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Rev Mal Respir. 2014 Jun;31(6):488-98. doi: 10.1016/j.rmr.2013.12.002. Epub 2014 Feb 16.

[Cannabis smoking and lung cancer].

[Article in French]

Author information

1
Service de pneumologie, unité de tabacologie, CHU La Milétrie, pavillon René-Beauchant, BP 577, 86021 Poitiers, France. Electronic address: m.underner@chu-poitiers.fr.
2
Service de pneumologie, CHU d'Angers, 49000 Angers, France.
3
Dispensaire Emile-Roux, CLAT 63, 63000 Clermont-Ferrand, France.
4
Service de psychiatrie-addictologie, CHU de Clermont-Ferrand, 63000 Clermont-Ferrand, France.
5
Service de pneumologie, unité de tabacologie, CHU La Milétrie, pavillon René-Beauchant, BP 577, 86021 Poitiers, France.

Abstract

Cannabis is the most commonly smoked illicit substance in the world. It can be smoked alone in plant form (marijuana) but it is mainly smoked mixed with tobacco. The combined smoking of cannabis and tobacco is a common-place phenomenon in our society. However, its use is responsible for severe pulmonary consequences. The specific impact of smoking cannabis is difficult to assess precisely and to distinguish from the effect of tobacco. Marijuana smoke contains polycyclic aromatic hydrocarbons and carcinogens at higher concentration than tobacco smoke. Cellular, tissue, animal and human studies, and also epidemiological studies, show that marijuana smoke is a risk factor for lung cancer. Cannabis exposure doubles the risk of developing lung cancer. This should encourage clinicians to identify cannabis use and to offer patients support in quitting.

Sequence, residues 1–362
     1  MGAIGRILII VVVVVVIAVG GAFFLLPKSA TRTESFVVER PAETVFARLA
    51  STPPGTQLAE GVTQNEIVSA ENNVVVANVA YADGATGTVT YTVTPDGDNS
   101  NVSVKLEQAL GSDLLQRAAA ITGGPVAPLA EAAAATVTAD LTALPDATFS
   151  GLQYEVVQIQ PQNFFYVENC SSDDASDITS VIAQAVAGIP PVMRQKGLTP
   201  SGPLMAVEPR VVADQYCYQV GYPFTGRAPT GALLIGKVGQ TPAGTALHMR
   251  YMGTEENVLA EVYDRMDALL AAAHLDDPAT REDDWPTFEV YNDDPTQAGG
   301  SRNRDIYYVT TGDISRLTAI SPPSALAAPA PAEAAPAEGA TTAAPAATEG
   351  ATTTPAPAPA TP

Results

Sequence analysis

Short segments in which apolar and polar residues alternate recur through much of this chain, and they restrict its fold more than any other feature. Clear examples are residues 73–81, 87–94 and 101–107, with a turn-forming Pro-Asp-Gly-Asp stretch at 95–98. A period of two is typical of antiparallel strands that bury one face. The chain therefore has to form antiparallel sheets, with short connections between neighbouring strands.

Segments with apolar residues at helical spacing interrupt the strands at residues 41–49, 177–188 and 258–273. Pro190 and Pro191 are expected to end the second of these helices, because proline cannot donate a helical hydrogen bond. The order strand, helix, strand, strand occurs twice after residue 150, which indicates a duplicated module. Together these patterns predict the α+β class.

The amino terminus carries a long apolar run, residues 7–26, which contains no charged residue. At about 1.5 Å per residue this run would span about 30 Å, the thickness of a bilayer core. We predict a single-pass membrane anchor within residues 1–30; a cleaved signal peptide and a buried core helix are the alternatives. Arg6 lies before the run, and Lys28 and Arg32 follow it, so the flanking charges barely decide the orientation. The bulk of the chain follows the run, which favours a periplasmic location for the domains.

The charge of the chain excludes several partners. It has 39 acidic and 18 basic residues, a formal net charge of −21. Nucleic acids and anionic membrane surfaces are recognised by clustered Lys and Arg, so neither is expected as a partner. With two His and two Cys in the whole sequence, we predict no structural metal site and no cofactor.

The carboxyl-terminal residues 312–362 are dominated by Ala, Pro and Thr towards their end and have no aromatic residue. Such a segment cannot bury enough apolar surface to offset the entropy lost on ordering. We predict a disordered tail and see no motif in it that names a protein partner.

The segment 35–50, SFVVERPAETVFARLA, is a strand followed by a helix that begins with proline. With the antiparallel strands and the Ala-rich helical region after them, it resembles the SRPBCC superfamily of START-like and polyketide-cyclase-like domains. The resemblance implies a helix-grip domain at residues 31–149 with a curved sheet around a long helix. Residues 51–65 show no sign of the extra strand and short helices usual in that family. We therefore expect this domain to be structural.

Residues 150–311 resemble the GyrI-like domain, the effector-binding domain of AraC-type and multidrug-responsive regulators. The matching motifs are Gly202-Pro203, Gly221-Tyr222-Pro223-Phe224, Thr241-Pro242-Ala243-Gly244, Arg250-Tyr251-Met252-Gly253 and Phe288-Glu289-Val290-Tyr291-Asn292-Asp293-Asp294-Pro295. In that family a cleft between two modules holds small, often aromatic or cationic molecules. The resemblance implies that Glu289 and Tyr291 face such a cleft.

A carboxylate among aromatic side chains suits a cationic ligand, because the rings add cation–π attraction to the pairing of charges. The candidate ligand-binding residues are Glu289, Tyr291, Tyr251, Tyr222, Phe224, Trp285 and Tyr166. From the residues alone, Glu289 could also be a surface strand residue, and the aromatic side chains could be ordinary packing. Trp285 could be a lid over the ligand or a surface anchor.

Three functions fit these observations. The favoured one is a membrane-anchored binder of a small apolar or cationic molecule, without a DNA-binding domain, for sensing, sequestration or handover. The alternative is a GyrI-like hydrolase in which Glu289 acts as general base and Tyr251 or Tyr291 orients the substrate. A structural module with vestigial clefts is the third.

KEYWORDS:

Cancer bronchique; Cannabinoïdes; Cannabis; Lung cancer; Marijuana; Tetrahydrocannabinol; Tétrahydrocannabinol

PMID:
25012035
DOI:
10.1016/j.rmr.2013.12.002
[Indexed for MEDLINE]

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